Linda F. Benedict, Reames, Elizabeth S.
News Release Distributed 10/12/10
Even though children may say getting candy is the most important part of Halloween, research shows that, when asked, they will often prefer toys. And that’s also the preferred choice of nutritionists, according to Beth Reames, LSU AgCenter nutritionist.
Instead of making so much candy available, Reames says choose miniature toys, stickers and nonfood favors in the Halloween section at local stores. Temporary tattoos, bracelets and rings, whistles, pencils, coupons to food establishments or quarters are also welcome treats.
Nonsweet treat suggestions include peanut butter and cracker packages, sugar-free gum, cereal bars, individually wrapped sticks of beef jerky, juice box packages, small packages of dried fruit and packets of instant cocoa mix. Some foods such as nuts and seeds and round or hard candy are not appropriate for small children because they may cause choking.
Some ideas to help children have a nutritious, healthy Halloween include:
– Make sure children eat before going out. Cut bread in pumpkin shapes, add lean meat, chicken or turkey and serve with a glass of low-fat milk and sliced fresh fruit.
– Walk with children while trick-or-treating instead of driving in the car.
– After trick-or- treating, share your child’s excitement by letting him or her show you the bag of treats. Inspect all treats to make sure none have been opened or tampered with.
– Encourage children to separate goodies into groups that are similar in ingredients or color of wrapper. Make a game of eating just one from each type of goodie, rather than the whole bag.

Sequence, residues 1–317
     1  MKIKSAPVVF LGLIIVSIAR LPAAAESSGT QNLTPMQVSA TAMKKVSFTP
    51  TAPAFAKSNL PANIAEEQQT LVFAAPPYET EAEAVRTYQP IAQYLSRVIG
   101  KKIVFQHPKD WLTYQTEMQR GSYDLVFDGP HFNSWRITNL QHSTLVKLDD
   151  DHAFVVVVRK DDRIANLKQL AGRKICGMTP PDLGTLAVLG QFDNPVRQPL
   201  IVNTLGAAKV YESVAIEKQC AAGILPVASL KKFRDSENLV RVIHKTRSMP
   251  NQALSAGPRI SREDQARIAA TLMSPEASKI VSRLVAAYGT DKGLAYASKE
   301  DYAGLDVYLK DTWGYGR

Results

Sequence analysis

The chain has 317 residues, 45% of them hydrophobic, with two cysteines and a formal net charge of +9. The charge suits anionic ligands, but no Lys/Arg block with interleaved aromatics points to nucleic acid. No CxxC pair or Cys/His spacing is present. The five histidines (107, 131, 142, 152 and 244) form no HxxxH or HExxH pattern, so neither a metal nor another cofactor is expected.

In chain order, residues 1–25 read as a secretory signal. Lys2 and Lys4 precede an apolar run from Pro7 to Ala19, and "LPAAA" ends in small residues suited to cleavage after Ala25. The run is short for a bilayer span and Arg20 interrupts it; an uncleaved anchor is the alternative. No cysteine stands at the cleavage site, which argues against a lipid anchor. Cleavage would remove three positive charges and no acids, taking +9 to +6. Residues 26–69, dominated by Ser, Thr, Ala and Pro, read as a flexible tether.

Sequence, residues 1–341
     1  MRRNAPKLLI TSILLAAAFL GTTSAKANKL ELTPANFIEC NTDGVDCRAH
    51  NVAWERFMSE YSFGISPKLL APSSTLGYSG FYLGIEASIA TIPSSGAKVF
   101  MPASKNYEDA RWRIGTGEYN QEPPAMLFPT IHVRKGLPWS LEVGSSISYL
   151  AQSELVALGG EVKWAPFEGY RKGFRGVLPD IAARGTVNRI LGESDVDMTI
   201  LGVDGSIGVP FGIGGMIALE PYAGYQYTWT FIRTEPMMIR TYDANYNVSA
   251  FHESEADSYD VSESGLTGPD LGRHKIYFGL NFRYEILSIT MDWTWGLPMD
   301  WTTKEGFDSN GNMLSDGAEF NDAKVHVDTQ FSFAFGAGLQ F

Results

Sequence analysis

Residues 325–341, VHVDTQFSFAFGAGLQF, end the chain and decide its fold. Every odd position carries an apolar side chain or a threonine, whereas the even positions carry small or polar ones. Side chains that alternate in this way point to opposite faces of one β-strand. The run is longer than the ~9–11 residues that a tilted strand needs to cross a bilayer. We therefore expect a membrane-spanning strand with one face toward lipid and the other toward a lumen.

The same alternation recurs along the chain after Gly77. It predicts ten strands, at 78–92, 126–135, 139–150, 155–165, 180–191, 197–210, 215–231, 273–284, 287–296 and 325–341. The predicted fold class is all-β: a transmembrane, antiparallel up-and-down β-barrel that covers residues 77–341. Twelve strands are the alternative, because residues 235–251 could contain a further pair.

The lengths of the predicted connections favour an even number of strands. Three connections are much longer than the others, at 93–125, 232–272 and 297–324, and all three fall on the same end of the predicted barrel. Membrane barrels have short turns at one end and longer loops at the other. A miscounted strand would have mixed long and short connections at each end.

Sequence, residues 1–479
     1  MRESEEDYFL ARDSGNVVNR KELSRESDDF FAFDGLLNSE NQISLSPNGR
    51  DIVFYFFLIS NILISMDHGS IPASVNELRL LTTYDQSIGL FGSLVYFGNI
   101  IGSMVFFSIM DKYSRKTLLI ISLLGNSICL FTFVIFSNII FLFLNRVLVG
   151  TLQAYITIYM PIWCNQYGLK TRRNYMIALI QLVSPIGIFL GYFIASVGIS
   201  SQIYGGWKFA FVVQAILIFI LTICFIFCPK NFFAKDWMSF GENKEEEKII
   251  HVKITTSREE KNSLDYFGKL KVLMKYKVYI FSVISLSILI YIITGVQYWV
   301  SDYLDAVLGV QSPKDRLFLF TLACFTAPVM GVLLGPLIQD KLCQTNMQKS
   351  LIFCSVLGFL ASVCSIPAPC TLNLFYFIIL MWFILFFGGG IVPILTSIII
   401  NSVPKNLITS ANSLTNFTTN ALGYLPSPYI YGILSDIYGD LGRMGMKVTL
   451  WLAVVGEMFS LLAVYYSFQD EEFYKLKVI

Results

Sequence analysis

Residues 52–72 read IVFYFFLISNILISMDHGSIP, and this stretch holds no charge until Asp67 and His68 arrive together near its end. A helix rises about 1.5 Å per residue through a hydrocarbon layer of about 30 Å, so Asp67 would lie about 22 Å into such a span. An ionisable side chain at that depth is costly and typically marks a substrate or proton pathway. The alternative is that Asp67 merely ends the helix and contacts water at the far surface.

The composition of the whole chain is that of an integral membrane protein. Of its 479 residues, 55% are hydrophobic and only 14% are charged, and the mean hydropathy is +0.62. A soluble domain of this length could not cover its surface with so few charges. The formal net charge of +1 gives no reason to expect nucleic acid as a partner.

– Halloween treat bags usually provide enough goodies for two to three weeks. Divide the treats into one week portions, place in bags and store for your child to enjoy one or two pieces for snacks or with meals for the next weeks.
– Help your child remember to brush his teeth or at least rinse her mouth thoroughly with water after eating sweets, especially sticky sweets, to help prevent tooth decay.
Ideas to help adults cope with Halloween candy include:
– Buy candy at the last minute to avoid tempting yourself and other family members.
– Buy less candy than what you think you need, and don't buy your favorite.
– Take leftover candy to work to share with co-workers.
For additional information about healthful eating, go to www.LSUAgCenter.com and click on Food & Health.Linda Foster Benedict
The LSU AgCenter and the LSU College of Agriculture